In addition, students broke down into teams (curatorial, interpretation, installation, and documentation) in order to spend some quality one-on-one time with a group of Jacques Callot prints to be included in the exhibition.

Here, the curatorial team, with the assistance of Isabelle Chartier, examines prints by Jacques Callot in the University Art Gallery

Led by Isabelle Chartier of the University Art Gallery, and Callot expert extraordinaire, students learned all about how prints are made, copied, handled, stored, etc. Because we are working with artists who work primarily with prints, we find it necessary to understand the process involved in making such intricate and impressive works.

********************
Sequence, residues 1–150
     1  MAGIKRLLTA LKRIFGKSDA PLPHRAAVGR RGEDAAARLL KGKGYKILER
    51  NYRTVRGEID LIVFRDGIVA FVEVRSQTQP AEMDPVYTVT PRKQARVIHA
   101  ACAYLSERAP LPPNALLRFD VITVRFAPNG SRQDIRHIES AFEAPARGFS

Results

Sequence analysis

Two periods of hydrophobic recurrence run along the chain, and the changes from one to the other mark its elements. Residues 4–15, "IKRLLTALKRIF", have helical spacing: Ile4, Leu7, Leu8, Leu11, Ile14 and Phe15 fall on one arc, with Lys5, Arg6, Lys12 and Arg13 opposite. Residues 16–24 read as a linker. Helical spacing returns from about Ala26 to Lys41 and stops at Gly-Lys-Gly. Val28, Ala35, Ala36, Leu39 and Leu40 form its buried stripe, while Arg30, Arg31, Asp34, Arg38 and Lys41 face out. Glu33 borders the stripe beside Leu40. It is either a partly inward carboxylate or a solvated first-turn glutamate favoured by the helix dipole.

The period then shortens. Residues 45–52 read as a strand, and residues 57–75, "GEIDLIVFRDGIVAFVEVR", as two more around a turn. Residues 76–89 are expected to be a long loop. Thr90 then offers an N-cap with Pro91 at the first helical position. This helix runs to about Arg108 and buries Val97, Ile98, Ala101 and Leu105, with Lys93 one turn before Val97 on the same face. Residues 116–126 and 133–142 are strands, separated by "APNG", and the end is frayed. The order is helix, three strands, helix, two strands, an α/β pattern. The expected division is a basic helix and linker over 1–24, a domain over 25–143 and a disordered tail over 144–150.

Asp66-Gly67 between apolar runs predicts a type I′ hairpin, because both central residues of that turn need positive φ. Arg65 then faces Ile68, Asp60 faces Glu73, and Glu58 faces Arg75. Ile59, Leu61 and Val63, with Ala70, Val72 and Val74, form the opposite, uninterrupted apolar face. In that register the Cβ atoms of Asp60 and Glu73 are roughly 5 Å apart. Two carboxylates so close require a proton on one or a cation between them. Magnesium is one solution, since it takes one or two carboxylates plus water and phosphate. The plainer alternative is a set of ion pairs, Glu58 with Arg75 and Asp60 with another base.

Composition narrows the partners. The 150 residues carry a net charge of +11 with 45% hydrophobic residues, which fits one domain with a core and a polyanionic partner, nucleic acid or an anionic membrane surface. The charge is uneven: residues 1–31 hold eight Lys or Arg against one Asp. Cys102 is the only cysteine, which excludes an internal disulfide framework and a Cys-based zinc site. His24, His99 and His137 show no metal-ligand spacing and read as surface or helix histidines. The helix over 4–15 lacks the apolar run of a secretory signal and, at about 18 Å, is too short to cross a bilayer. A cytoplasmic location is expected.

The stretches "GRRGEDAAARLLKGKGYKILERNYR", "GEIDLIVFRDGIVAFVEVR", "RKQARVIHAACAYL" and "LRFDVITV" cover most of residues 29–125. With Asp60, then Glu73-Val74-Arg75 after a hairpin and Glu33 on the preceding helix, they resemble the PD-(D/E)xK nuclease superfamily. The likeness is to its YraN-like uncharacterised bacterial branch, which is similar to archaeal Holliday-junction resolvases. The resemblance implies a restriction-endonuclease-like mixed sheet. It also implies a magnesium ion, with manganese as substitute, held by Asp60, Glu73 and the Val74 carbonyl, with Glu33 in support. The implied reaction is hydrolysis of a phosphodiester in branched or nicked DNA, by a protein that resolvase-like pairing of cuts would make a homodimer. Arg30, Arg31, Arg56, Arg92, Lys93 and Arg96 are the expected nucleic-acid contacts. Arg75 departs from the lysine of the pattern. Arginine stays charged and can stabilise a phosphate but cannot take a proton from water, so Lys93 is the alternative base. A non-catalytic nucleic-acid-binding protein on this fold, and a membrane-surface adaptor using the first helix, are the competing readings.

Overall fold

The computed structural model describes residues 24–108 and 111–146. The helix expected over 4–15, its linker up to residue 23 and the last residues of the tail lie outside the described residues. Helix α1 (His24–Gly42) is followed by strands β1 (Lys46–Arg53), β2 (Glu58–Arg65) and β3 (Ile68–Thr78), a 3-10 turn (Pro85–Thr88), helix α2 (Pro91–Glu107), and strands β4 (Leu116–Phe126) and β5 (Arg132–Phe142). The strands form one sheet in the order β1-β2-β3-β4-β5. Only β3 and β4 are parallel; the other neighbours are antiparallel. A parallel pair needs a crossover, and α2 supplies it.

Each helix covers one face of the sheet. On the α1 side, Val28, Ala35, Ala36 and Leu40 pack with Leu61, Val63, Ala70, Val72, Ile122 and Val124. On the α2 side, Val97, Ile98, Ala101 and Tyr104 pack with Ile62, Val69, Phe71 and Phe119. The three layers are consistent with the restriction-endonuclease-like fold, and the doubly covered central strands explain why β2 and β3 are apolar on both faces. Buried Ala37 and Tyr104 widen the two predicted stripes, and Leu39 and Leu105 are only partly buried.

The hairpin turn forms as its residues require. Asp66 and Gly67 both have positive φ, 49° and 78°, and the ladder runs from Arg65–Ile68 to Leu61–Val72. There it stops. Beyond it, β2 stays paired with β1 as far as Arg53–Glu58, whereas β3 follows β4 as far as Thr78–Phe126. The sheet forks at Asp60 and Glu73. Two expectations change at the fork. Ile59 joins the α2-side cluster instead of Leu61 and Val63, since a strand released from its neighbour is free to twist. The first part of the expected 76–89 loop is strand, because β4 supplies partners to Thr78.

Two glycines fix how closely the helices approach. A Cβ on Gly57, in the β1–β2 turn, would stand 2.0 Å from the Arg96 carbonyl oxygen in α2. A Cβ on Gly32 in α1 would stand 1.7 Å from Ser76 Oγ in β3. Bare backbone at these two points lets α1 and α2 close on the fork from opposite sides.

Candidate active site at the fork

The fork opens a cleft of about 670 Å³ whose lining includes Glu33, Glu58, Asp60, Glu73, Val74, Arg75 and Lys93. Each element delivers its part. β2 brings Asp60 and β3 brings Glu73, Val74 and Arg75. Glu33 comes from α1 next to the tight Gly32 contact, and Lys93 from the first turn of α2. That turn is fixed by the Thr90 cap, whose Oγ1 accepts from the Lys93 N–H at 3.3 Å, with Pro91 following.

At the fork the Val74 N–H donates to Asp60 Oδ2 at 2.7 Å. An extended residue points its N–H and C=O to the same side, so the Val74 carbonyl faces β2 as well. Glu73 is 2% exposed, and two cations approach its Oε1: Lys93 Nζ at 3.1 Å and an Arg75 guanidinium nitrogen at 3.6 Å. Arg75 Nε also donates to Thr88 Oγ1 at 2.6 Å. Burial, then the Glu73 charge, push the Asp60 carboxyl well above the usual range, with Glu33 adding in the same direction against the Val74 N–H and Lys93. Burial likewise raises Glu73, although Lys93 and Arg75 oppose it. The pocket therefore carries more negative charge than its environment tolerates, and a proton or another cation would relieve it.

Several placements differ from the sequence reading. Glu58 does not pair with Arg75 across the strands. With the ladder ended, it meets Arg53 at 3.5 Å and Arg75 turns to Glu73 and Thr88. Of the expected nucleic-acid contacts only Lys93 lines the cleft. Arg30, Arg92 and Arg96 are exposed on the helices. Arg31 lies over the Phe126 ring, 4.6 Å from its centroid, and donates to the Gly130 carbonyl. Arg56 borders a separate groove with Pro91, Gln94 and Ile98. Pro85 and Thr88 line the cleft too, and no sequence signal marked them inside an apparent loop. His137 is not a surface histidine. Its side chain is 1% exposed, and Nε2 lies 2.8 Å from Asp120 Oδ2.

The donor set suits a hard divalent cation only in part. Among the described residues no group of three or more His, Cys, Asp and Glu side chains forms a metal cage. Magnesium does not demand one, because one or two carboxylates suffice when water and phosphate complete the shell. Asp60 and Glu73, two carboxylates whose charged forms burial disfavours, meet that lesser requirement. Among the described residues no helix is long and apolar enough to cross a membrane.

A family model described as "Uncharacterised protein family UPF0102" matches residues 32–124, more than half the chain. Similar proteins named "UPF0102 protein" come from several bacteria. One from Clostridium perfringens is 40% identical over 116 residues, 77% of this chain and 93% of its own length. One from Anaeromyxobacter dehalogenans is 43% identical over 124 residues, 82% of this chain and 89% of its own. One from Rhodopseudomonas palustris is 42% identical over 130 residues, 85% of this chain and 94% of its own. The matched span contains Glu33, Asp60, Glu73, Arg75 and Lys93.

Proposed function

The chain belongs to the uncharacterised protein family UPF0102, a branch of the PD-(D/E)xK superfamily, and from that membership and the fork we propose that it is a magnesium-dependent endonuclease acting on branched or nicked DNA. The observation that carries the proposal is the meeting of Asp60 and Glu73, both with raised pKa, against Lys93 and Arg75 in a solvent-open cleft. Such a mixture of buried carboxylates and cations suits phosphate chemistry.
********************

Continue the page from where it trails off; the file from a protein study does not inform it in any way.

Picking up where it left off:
Check back for updates in the coming weeks as decisions are finalized, art is delivered, and the installation process begins!

Introducing the 2011 Museum Studies Exhibition

The University of Pittsburgh Museum Studies class welcomes you to our blog documenting our 2011 exhibition! In the coming weeks, posts will be added to let you know what the team has been up to. Information will include behind the scenes photos, updates on the installation process, and much more.

We invite you to check back regularly and look forward to seeing you at the opening reception!